Soldering Methods for Allegro Products (SMD and Through-Hole)
Soldering Methods for Allegro Products (SMD and Through-Hole)
By Bradley Smith and John Sauber
Allegro MicroSystems, LLC
This document describes typical soldering methods that have been proven effective with Allegro™ products. It provides information on SMD (surface mount devices) and through-hole packages. Both lead (Pb) free and traditional Pb-based technologies are examined.
Allegro recommends becoming familiar with IPC/JEDEC Joint Industry Standard J-STD-020, Moisture/Reflow Sensitivity Classification for Nonhermetic Solid State Surface Mount Devices. It provides information on MSL (moisture sensitivity level) classifications for devices, and the corresponding protocols for device handling. In addition, important information on determining optimum soldering process parameters can be found in J-STD-002, Solderability Tests for Component Leads, Terminations, Lugs, Terminals and Wires.
The characterization of an acceptable solder joint can be somewhat different between Pb-based and Pb-free technologies. The IPC has a number of publications and course materials that provide information on joint evaluation. A primary source is IPC J-STD-001, Requirements for Soldered Electrical and Electronic Assemblies, which is an industry level consensus standard covering soldering materials and processes, with revision D and later including coverage of Pb-free soldering. IPC-A-610,Acceptability of Electronic Assemblies, provides details workmanship standards, with revision D and later including coverage of Pb-free processes. IPC-2221, Generic Standard on Printed Board Design, provides a notation for dimensioning joints. JEDEC standard JESD22-B102, Solderability, provides acceptance criteria. Parallel bodies of standards and information are available from the IEC (International Electrotechnical Commission), which is a particularly good source for international and European standards, and from JEITA (Japan Electronics and Information Technology Industries Association).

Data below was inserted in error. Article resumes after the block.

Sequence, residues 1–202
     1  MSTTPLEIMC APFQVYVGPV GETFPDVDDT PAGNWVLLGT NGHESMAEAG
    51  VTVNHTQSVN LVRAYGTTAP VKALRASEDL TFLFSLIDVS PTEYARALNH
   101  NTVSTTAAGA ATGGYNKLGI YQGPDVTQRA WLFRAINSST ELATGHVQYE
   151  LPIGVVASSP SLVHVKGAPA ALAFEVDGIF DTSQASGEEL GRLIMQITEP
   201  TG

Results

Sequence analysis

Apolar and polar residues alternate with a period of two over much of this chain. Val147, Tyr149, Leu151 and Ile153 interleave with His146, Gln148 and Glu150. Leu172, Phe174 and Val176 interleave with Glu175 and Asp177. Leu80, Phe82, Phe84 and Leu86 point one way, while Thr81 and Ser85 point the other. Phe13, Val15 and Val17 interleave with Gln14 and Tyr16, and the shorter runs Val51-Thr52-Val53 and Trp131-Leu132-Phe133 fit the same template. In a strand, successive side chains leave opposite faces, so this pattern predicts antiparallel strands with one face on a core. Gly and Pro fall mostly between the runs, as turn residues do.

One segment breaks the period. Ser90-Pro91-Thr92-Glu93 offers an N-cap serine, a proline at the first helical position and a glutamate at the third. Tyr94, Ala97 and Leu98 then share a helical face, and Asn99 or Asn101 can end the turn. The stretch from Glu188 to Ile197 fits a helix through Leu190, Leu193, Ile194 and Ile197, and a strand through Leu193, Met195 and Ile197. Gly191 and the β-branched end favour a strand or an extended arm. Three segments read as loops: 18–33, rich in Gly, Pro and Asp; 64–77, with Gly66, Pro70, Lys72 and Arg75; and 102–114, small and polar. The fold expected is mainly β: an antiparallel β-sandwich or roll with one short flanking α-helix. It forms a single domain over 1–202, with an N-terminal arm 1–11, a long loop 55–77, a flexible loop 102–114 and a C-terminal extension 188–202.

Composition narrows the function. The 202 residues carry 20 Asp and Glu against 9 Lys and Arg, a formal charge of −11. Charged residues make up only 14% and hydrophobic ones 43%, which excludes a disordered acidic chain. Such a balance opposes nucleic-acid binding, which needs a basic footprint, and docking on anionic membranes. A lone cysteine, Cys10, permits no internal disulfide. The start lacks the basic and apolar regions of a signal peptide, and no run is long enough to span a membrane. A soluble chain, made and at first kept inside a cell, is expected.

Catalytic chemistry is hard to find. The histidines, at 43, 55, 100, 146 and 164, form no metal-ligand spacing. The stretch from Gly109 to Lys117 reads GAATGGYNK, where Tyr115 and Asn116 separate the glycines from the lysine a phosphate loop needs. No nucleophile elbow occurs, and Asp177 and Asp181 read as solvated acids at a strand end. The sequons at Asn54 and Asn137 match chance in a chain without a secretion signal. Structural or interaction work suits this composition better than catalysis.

PROCESS TEMPERATURE AND MSLS